Mining the Himalayan Uplands Plant Database for a Conservation Baseline Using the Public GMBA Webportal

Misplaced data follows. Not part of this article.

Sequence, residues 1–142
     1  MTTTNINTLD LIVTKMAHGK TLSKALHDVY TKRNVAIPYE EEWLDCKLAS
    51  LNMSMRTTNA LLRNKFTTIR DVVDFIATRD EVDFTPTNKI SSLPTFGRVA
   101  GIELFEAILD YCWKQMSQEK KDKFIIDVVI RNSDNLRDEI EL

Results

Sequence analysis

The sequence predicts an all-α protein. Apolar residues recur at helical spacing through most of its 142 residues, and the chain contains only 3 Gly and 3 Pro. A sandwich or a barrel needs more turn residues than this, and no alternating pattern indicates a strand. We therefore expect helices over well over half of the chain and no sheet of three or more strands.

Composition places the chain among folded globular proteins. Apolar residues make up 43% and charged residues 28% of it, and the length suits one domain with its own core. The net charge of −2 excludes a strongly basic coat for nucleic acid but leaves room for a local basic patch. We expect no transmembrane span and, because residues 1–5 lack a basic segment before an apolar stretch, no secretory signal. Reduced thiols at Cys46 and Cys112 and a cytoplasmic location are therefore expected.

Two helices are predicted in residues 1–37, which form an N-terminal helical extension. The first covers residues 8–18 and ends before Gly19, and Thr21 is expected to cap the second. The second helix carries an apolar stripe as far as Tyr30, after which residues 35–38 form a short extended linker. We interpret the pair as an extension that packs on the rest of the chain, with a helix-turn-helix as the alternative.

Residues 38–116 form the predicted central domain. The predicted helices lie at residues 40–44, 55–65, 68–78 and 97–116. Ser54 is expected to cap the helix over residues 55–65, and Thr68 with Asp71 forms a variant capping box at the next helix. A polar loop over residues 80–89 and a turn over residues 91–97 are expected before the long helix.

This chapter shows how a synthesis of heterogeneous biological field observation data, robust taxonomic methods, and data mining leads to up-to-date scientific information that is important for sustainability and conservation management. The core of this type of research is a database with field observations. Here we use the Himalayan Uplands Plant Database (HUP), which consists of extensive collections of botanic survey information collected by the senior author in the Himalayas and in renowned public herbaria over more than 25 years. The HUP database is primarily based on preserved herbarium specimens and presently holds more than 164,000 occurrence records of vascular plants. It contains the records of more than 2,000 collectors and observers who had either directly or indirectly contributed, or records that were derived from herbarium label information. Consistent taxonomic information and the sound use of taxonomy is the key to success of any exercise with large amounts of heterogeneous biological collection data. Taxonomy, especially on the scales of developing consistent cross-border registries, still comprises one of the most obvious bottlenecks to our understanding of biodiversity. In the absence of consistent backbone taxonomies, physical documentation (collecting, preserving, and curating of good and representative herbarium specimens or other vouchers), and quality control must be stressed as necessary preconditions to vegetation and ecology-related studies. Although inherent synonymy rates are obviously quite variable among different taxonomic groups, there is no logical, automated, or permanent procedure that could identify or constrain synonyms. A wide range of Floras, monographs, taxonomic treatments, original publications, and databases has been consulted in HUP to identify and verify specimens, and to develop, at least internally, consistent taxonomies. Other challenges of using such a large collection are the long time span covered and the diversity and inconsistency of spatial and altitudinal information. Thus, large parts of the data are currently not covered by current georeferencing databases such as BioGeomancer or by international taxonomic databases such as ITIS (Integrated Taxonomic Information System). The history of modern biodiversity exploration is brief—in the Himalayas, a mere 200 years—whereas dramatic ecological change and disturbance including deforestation, land degradation, melting glaciers, and increasing severity of natural hazards occurred during the periods of collection. Historic data are thus precious not only on account of the “priority principle” in biological taxonomy. To ensure the highest level of usage of such precious data, we regard the availability of the data for similar and potentially even larger exercises as critically important. Here we show that a new culture needs to develop and mature for sharing, exploiting, and improving primary biodiversity data and for taxonomic work in progress. The example of HUP is used to give a step-by-step best practice guidance to make biological data digitally available online using existing and rapidly developing data-sharing infrastructures. The information of the database columns was transferred into the Darwin Core 2 format and uploaded to the publicly accessible Global Biodiversity Information Facility (GBIF; www.gbif.org). Through GBIF it is also available using the Mountain Biodiversity Portal (MBP; www.mountain biodiversity.org), which allows to query, filter, and download GBIF data specific for mountain areas, with a horizontal (region) and vertical (elevation, climate) dimension and includes many options. In addition, a first-version XML-metadata information was created and uploaded to the National Biological Information Infrastructure (NBII) metadata clearinghouse (National Biological Information Infrastructure 2010; http://metadata.nbii.gov/clearinghouse). Thus, the HUP data are made accessible worldwide either by searching for metadata in the NBII clearinghouse database and through the authors, by searching for original biological data at GBIF, or by searching for mountain-specific information at the Global Mountain Biodiversity Assessment (GMBA) mountain biodiversity portal.